Though healthcare legislation and reform can be hard to keep up with, it is very important, as it directly effects HIS’ client’s bottom line. Following, are some important facts, and timelines of two legislative issues currently in progress.
Health Care Services Lien Act
First, is the Health Care Services Lien Act. It was last heard by the Civil Law Committee on March 7th, 2012. The statutes amended include: 770 ILCS 23/30, 770 ILCS 23/45, and 770 ILCS 23/50 (new).
When a petition is filed by the injured person, the healthcare professional, or healthcare provider, that petition may be served upon the interested adverse parties by personal service, substitute service, or registered or certified mail.
If health insurance, or private or public benefits are available to pay a medical bill, the lien of a healthcare professional or health care provider is limited to the rates established by the private or public fund.
If a lien, claim, or subrogation claim arising out of the payment of medical expenses exists with respect to a claim for personal injuries or death and the claimant's recovery is diminished by comparative fault or the un-collectibility of the full claim for personal injuries or death resulting from limited liability insurance or any other cause, the lien or claim shall be diminished in the same proportion as the claimant's recovery is diminished.
The holder of the lien or claim shall bear a pro rata share of the claimant's attorney's fees and litigation expenses and shall be barred from pursuing any claim for the unpaid balance.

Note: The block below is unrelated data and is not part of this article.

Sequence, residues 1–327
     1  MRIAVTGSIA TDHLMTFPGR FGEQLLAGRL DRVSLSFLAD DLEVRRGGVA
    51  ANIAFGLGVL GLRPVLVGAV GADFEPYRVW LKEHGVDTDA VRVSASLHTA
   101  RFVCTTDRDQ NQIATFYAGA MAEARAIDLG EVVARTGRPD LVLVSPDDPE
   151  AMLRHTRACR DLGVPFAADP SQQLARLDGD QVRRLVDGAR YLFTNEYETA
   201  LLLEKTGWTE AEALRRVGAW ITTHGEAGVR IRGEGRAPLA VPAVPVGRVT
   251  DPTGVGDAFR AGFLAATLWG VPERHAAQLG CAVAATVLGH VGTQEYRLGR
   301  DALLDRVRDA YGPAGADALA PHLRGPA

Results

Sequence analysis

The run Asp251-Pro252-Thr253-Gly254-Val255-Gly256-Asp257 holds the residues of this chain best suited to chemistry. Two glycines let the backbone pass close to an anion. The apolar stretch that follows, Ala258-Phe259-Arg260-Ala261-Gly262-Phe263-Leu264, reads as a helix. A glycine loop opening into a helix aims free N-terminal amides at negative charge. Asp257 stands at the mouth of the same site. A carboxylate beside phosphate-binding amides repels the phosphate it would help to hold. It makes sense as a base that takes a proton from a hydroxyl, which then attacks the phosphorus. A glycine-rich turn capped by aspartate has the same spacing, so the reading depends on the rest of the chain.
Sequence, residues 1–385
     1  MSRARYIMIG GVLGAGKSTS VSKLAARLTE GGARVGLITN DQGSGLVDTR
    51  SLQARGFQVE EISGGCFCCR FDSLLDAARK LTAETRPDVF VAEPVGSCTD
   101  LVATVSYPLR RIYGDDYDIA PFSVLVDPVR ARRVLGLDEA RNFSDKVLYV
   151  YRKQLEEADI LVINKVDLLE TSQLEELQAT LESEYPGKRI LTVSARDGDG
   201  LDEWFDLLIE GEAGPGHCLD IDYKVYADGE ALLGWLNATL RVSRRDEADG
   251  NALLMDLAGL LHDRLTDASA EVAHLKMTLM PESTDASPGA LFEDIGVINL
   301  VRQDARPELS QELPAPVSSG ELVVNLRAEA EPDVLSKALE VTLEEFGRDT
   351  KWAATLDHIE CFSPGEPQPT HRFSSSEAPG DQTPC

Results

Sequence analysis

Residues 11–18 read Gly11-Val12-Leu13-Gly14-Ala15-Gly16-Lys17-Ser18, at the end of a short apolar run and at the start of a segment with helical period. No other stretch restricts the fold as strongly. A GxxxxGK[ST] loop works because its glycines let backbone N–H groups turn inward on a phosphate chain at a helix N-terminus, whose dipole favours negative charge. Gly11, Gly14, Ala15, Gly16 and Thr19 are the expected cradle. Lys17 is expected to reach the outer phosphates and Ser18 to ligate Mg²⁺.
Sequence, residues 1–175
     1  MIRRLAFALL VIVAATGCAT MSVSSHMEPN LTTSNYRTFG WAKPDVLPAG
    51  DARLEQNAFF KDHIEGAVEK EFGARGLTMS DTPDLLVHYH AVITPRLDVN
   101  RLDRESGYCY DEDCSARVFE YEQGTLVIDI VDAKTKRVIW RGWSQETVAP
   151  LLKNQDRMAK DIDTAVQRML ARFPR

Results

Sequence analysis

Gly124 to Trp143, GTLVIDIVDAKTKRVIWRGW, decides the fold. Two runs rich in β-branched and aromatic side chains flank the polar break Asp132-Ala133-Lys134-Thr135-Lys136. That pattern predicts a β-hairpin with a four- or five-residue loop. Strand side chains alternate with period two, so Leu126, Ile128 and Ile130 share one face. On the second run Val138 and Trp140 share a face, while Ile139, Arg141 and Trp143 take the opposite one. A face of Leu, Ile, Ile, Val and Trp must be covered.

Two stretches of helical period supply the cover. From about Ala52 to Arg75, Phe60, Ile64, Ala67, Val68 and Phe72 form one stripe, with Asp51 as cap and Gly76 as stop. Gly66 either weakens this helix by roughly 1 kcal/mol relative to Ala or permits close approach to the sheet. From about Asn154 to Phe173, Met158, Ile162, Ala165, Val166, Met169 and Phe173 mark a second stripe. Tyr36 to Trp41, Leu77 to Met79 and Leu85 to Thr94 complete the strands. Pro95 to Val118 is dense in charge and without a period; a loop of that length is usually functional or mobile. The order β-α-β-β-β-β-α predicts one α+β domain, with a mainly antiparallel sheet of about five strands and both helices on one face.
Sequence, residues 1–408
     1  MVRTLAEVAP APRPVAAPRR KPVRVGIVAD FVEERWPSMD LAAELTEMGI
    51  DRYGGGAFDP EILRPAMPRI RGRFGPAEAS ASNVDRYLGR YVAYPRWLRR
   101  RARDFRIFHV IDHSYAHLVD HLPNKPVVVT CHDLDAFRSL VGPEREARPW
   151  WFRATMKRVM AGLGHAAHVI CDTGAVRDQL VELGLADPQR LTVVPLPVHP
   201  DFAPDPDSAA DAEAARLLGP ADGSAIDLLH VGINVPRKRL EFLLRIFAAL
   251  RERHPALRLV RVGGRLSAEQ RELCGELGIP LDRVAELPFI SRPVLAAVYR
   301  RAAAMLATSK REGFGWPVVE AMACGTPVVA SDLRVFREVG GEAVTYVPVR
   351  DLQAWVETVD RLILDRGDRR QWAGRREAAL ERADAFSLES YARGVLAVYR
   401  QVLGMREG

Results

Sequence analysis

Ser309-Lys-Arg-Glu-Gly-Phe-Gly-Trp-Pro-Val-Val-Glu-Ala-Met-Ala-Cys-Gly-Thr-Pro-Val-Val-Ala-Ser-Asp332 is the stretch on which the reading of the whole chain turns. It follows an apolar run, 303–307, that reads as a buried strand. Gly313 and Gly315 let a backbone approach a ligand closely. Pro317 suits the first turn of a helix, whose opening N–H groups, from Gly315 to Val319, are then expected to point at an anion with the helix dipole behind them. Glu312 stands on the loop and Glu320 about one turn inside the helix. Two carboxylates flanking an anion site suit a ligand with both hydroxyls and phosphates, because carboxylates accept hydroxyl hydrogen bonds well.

Timeline of Actions:
House Bill “HB 5823
The second legislation, currently in progress, that healthcare providers should be aware of is HB 5823. Following, is part of an article that first appeared on the MGMA website as an update to the current proceedings of the House Bill “HB 5823.” Read the entire article here.
“Unfortunately HB 5823 was passed in Committee and could get voted upon by the House. We would encourage you to keep the pressure on your legislators!
Current law protects the right of a physician to pursue collection of his or her reasonable charges for services provided to an injured person. HB 5823 will repeal this right by limiting the amount of any lien to a reimbursement rate established by the injured party’s health insurance company, even though this insurance company is not responsible for payment of the claim.”
HIS will keep you updated on any additional information regarding the Health Care Services Lien Act and HB 5823. If you have any additional questions or concerns, feel free to contact us or leave a comment below.